A Christchurch-based economist has been convicted of ripping off at least 170 people - including several rich listers - in one of the country's biggest investment frauds.
Kelly Simon Tonkin is now facing a decade in prison for his offending, labelled extensive and complex, and may also have to front up to many of the people he defrauded.
In May the Serious Fraud Office filed five charges in the Christchurch District Court against Tonkin, 52.
Yesterday, in his first in-person appearance in court, he pleaded guilty to one charge of false accounting, two of making false statements to cause losses or induce new investors, and one count of forging a fake audit letter.
A fifth charge of false accounting was withdrawn by the SFO and the details of two of the standing charges were amended slightly.
The agreed summary of facts - which outlines the entirety of Tonkin's offending - is still being finalised by the SFO and his lawyer, Elizabeth Bulger, and will be provided to the court and the Weekend Herald closer to his sentencing in September.
According to the charging documents, the SFO claims investors in Tonkin's Penrich Global Macro Fund were told the scheme was worth $137.2m in February last year, but actually had a value of only $20.7m.
In May the Herald revealed that Penrich collapsed suddenly in March 2020 and liquidators were appointed to its branches in London, the Cayman Islands and Christchurch.
They told investors a "significant discrepancy" had been uncovered.
The SFO began investigating soon after and charges followed.
The Herald then reported that the false accounting charges relate to Tonkin's alleged inclusion of false asset values and hidden cells in the fund's "Monthly Value" spreadsheets for nearly a decade, from September 2012 until the fund's sudden freezing in February 2020.
Charging sheets allege several international clients stopped receiving monthly investors' statements around this time, suggesting they withdrew their investments.
According to charging documents, on December 18, 2017, Tonkin manufactured financial statements that gave a false picture of the fund's position in 2016.
"The defendant falsely stated the total assets, total liabilities and the net assets of the Penrich Global Macro Fund," the SFO alleges in its charge of forgery.
"The defendant forged a BDO Cayman Islands auditor's report and attached it to the financial statements."
The charges of false statements relate to Tonkin's representations to investors, both in including the allegedly fraudulent inflated value in their monthly account balances, as well as in monthly updates on his trading activity which the SFO allege far understated the level of risk and losses he was incurring.
Until the collapse of Penrich Tonkin was well-known and respected in financial circles.
Tonkin grew up in Christchurch and graduated from Canterbury University with an honours degree in economics, before working at Treasury, then Banker's Trust where he made regular media appearances giving expert economic and financial commentary.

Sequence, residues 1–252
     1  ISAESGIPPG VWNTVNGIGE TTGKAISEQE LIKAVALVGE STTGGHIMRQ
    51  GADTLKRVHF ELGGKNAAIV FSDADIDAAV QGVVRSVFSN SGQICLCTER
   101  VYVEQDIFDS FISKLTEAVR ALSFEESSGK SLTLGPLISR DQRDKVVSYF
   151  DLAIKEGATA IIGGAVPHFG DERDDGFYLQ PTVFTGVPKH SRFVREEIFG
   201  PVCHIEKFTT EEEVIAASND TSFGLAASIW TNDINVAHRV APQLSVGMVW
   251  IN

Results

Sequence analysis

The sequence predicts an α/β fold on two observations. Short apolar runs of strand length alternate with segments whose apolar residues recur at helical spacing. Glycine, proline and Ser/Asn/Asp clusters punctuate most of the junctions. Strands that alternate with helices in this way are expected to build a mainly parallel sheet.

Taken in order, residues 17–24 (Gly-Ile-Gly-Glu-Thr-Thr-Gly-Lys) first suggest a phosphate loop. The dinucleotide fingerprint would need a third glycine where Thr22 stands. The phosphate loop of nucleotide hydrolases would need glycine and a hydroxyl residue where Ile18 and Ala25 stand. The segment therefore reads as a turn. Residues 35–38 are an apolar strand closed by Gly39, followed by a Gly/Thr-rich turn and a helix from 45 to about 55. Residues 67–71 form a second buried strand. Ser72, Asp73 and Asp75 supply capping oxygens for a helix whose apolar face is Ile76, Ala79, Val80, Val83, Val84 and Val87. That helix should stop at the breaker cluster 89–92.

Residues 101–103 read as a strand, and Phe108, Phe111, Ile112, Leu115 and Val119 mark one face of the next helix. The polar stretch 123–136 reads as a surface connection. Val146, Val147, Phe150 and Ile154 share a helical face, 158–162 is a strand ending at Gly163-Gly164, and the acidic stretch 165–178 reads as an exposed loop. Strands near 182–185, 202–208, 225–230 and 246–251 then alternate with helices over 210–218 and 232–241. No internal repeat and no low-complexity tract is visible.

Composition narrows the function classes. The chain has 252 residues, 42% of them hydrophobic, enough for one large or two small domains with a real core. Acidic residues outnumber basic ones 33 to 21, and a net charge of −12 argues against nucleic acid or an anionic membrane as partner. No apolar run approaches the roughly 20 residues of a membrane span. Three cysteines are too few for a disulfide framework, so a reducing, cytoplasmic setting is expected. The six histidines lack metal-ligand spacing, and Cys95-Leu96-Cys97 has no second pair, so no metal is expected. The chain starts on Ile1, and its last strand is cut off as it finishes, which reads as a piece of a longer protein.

He moved to London in 1999, working at ill-fated investment bank Lehman Brothers, before starting Penrich in 2004 and returning to New Zealand a decade later where he became a fixture in Canterbury football and Cashmere school boards.
Several family members, including Tonkin's elderly father, supported him in court yesterday as he entered his guilty pleas and was convicted.
Judge Tony Couch said the summary of facts was expected to be "quite lengthy" due to the "substantial" offending and the complexities of the case.
The sentencing judge would need "significant" time to prepare for the hearing and may need to call on finance experts.
Judge Couch set aside half a day for sentencing on September 16, saying it was going to take "a considerable amount of time".
The SFO said there was "in a range of 170" victims.
While it was unlikely every victim would want to be heard at sentencing, some certainly wanted to confront the man who had defrauded them.
The victims' names cannot be published due to an interim suppression order.
Judge Couch said that order would likely be made permanent when Tonkin was handed his sentence.
The Weekend Herald contacted Tonkin's lawyer requesting comment on his conviction and upcoming sentencing.
"Neither I nor Mr Tonkin will be making any statement about his court proceedings now, or after sentencing," Bulger said.
During the SFO investigation, before Tonkin was charged, the Weekend Herald visited him at his Christchurch home, interrupting him wearing slippers while watching daytime
He declined to answer detailed questions at the time.
"I really don't want to get myself into trouble - even more trouble - if I've signed something saying I won't talk," he said.
In a later phone call, Tonkin said he was unable to now even afford a lawyer to act in his defence, and declined to blame anyone else at Penrich - which was directed by a suite of investment bankers with big-name resumes - for the offending he has now been convicted of.
"There is no one else, there's just me," he said.